I hardly even want to talk about this one. Suffice to say there is a tremendous amount of emotionally charged debate on both sides and ridicule for anyone who dares contradict official pronouncements. Do your own due diligence.

Mass vaccination of children

The number of different vaccinations recommended for children has ballooned over the past several years.

Each of the new proposed vaccines has one or more scientific studies supporting it. Each vaccine, in isolation, may provide a benefit with a reasonably low risk. What is less well-known is the cumulative effects of the large number of vaccines that very young children receive.

In addition, there are reasons to oppose this increase in vaccination. Such arguments include (but are not limited to) the effects of mercury-based preservatives on neurological development; the relationship between vaccination and autism (which may have been refuted); the serious side effects of the flu vaccine, among others; and the effects on the developing immune system of a massive wave of vaccinations.

Approval of aspartame

Aspartame is one of the most widely used artificial sweeteners on the market, yet its original approval for commercial use by the FDA was heavily contested. Searle (now part of Monsanto) won the day thanks to Donald Rumsfeld's influence, who some say should have a metabolic disorder named in his honour.

In the early 1990's, lab technicians at the lab above mine at University of Toronto reported that rats showed terrible toxic responses to moderate doses of aspartame. One day one of the grad students at the lab in question told me that they had been threatened with immediate loss of all research funding unless they stopped working on aspartame.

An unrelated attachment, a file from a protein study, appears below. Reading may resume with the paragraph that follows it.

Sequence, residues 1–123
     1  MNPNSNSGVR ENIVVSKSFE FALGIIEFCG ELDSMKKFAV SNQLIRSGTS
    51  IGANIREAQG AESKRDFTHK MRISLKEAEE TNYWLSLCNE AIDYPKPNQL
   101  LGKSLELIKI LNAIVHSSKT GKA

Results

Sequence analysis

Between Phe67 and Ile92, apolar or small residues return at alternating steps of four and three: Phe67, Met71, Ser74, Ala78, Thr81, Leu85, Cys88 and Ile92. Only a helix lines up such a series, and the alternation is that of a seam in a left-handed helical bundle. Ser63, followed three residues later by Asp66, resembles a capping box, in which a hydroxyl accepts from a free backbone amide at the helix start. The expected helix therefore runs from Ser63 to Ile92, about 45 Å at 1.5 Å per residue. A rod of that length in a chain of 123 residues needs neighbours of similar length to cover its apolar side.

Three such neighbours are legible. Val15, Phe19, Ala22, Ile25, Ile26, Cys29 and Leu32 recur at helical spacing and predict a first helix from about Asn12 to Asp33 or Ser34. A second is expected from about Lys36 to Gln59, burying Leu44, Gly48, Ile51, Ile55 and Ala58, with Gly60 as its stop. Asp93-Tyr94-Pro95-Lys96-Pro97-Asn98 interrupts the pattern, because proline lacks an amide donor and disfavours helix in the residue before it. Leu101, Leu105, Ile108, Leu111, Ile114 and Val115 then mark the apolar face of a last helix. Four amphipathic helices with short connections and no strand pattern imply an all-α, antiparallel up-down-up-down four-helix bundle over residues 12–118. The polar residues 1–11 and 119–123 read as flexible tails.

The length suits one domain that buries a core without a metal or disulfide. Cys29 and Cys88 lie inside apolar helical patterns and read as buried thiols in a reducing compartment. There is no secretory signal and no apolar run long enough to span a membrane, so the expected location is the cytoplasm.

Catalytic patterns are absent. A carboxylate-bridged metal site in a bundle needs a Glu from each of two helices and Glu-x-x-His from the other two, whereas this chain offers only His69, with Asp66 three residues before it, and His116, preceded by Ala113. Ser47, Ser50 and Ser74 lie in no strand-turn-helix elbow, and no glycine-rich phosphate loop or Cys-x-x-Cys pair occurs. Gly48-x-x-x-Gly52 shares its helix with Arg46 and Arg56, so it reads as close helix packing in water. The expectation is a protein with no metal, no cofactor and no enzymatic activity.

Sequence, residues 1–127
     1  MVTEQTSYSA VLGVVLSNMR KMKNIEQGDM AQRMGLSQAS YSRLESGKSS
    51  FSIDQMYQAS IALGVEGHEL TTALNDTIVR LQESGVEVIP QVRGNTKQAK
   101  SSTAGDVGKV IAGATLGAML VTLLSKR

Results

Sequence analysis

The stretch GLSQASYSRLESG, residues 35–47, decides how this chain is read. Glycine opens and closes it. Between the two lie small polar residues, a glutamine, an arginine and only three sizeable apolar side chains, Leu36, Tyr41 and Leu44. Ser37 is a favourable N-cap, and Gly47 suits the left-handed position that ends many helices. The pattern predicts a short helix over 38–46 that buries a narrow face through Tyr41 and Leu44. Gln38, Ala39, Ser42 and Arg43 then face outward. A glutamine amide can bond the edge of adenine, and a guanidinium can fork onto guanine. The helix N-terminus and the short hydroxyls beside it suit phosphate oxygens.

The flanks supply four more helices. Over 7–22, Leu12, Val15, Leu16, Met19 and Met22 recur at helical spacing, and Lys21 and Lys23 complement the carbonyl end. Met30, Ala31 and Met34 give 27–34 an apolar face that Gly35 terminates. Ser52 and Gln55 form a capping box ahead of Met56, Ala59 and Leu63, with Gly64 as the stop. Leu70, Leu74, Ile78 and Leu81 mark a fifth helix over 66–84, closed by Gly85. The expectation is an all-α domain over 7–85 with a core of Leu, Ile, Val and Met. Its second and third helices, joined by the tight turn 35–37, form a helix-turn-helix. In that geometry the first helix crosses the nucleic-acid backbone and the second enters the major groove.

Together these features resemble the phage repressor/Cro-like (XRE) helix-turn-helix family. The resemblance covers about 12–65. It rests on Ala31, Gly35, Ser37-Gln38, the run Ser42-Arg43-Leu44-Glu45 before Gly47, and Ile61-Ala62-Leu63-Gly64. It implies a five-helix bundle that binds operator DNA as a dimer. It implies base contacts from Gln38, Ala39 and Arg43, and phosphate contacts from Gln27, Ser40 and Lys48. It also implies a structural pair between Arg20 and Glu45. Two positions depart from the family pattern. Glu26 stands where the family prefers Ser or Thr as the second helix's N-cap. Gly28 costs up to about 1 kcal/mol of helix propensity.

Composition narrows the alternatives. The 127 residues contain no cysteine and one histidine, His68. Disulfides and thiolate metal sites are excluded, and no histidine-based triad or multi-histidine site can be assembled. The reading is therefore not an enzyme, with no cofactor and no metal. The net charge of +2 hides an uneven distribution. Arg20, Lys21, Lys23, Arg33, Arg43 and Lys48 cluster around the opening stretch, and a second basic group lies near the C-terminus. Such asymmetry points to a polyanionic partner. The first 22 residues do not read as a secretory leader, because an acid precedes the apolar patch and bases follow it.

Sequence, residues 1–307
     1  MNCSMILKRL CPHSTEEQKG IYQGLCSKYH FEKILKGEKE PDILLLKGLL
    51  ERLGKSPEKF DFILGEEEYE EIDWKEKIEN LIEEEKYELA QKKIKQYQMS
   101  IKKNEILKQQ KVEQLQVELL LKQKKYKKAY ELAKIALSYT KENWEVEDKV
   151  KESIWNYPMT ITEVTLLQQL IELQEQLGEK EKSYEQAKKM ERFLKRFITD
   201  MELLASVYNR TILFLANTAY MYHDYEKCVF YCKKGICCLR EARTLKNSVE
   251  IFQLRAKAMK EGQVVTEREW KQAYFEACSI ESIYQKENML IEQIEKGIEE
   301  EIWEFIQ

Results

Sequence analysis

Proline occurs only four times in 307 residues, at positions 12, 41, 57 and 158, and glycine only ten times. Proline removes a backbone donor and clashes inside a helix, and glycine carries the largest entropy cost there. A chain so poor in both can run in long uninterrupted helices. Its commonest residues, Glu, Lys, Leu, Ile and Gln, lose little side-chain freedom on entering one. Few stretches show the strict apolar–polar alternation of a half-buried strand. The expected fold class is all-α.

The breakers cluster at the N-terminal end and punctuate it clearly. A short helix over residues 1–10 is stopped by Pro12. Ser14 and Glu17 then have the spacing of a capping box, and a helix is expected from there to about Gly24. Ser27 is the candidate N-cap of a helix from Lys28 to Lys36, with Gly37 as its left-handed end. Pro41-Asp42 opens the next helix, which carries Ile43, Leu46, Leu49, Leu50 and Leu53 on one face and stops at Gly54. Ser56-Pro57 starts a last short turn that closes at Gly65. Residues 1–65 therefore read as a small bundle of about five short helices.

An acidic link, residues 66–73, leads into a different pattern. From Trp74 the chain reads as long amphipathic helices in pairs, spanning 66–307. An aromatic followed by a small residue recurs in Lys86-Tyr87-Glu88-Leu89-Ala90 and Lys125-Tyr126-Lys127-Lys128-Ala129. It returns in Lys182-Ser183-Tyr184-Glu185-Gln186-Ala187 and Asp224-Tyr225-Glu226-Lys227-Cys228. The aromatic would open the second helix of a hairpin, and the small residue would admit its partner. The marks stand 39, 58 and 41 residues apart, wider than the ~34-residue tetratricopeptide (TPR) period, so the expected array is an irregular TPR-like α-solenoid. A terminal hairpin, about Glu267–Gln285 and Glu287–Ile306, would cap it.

Statin drugs

Statins are used to reduce cholesterol. In your blood tests, cholesterol is divided into two types; the high-density lipoproteins (HDL) and the low-density lipoproteins (LDL). Simplistically, HDL is referred to as "good" cholesterol and LDL is "bad".

Even within the "bad cholesterol" there are two distinct types--pattern A, which consists of larger and less dense LDL particles, and pattern B, consisting of smaller and denser LDL particles. Of the two, only pattern B is associated with elevated risk of coronary disease, but the cholesterol blood test is unable to distinguish between the two.

Doctors normally recommend any patient with elevated LDL to take statins. The actual level of LDL that is considered to be elevated has fallen over the past decade, meaning that the number of people recommended for statin therapy has similarly increased. But simple blood tests are unable to distinguish between pattern A and pattern B LDL, so patients are asked to risk serious side effects to take a drug that may not actually be necessary.

Science and public policy

As I mentioned above, once a public policy is backed by science, it becomes illegitimate to protest it. What makes this dynamic particularly troubling is that there is a reinforcing dynamic between government and research labs whereby the labs are encouraged through receipt of government funding to produce results which favour government policy. Additionally, certain large industrial interests also fund research which favours usage of their products (whether they be agricultural, pharmaceutical, or military).

Even if researchers begin to produce results at odds with the scientific consensus, it can be difficult to bring about lasting change.

Update: January 25

Here is another article that makes the same point